Most people who have read any historical regency era fiction, particularly regency romances, are familiar with the importance placed upon the coming out of young ladies into society in that period. The practice of bringing out a young woman into society and announcing her ascension into adulthood was key to their forming a good marriage alliance. The coming-out-ball was a way for young girls of a marriageable age to be presented to suitable bachelors and their families in the attempts to find an appropriate mate. In regency England this was achieved through the presentation of the young lady to Sovereign at court. This event also marked the start of the British social season.
The whole process began with the young woman applying to be presented at court. In order to do this, the young woman had to be presented or sponsored by a woman who had also been presented at court, usually the mother or some other woman known to the family. If the girl’s application was accepted she would then receive a royal summons from the Lord Chamberlain to come to court for her presentation. The proceedings started at 10am, and the debutante and her sponsor would wait with all of the other young ladies waiting to be presented. The debutante and her sponsor would at some point be announced to the Sovereign, the debutante would curtsy and then leave without turning her back. Only after being presented at court could the young lady then take part in the social season consisting of garden parties, balls, polo matches, and other activities. This often included a separate “coming-out-party” held just for the young lady being presented to society.
Rules on what a debutante was allowed to wear to her presentation were strict. The court dress was traditionally a white evening gown, although shades of ivory and pink were also permitted. The dress generally had short sleeves paired with white gloves and a veil attached to her hair and adorned with three white ostrich feathers. The dress would also consist of a long train, which the young woman would hold on her arm until she was ready to be presented. Pearls or other family jewelry completed the ensemble.
Now, I thought that was where it ended. Queen Elizabeth II abolished the ceremony in 1958, and, at least in the UK, the practice went out of fashion. However, much to my surprise, I discovered that it is still thriving right here in America. I am familiar with the concept of having a “sweet sixteen” and the practice of holding a quinceanera in the Latin culture, but was blown away when I found out that formal debutante balls are still held all throughout the country. Most of us are probably used to the rite of passage that is the Senior Prom, and the graduation party, a chance to celebrate one’s ascension into adulthood. This is apparently the modern version of what used to be a lavish affair. But the higher classes in the United States have their own extravagant debutante balls that they still celebrate.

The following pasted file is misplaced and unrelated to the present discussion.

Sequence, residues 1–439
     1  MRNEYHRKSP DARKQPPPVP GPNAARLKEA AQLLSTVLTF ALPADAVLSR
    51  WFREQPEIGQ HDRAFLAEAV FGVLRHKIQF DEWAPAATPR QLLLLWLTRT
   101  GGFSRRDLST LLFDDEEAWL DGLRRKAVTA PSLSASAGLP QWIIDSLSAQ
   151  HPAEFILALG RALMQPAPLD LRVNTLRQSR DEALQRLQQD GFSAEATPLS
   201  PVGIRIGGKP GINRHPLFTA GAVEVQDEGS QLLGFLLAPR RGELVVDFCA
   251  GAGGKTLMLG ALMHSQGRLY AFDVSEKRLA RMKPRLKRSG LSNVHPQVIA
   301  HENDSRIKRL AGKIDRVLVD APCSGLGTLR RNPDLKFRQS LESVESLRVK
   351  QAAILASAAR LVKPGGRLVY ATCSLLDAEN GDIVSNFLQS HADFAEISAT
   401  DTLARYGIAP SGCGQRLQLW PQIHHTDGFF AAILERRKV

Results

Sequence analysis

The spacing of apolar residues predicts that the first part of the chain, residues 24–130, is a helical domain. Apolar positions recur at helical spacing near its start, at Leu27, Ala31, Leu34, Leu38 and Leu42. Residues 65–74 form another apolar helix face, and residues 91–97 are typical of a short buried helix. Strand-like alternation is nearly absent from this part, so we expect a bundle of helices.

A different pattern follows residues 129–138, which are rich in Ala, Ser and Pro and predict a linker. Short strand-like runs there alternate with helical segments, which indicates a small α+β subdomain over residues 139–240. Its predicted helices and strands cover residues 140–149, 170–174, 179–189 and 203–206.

Similar to the Regency coming-out-ball, the American debutante ball is a formal presentation of young ladies to “polite society” held by charities or societies. To gain entrance the young lady must be recommended or sponsored by an established member of elite society, usually the mother or another female relative. The young women presented at one of these debutante balls must wear white gowns with satin kid gloves and stand in a receiving line in front of an audience while they wait to be presented. The young lady is announced and is then walked around the stage by her father, who presents her to the audience. As she is formally presented the young woman must perform a curtsy known as the St. James Bow or a full court bow, with the exception of Texas debutantes who are presented at the Waldorf Astoria Hotel, who perform a curtsy called the “Texas Dip.” After her presentation, the young woman is then escorted off the stage by her young male escort, usually chosen to be paired with the girl in order to promote good social pairings.
These debutante balls are often lavish affairs. They are held in every major city in the country, but are more common and generally larger events in the South. One example is The Christmas Cotillion held in Savannah, Georgia. This is the oldest debutante ball in the US, first held in 1817.
I must admit that I was quite surprised that this practice still existed. My first thought upon finding this out was that I was very envious of these debutantes. I would have loved to dress up and be presented as a young woman! It would have been like living out a regency romance novel. Oh well, I guess us members of the middle and lower classes just aren’t considered for these events.
What are your thoughts on this age-old rite of passage? Sound off below…
Want to participate in another Regency pastime? Learn how to hold a high tea party in Host Your Own Victorian Tea Party.
How about some Regency games? Be sure to read Regency Games to Amuse.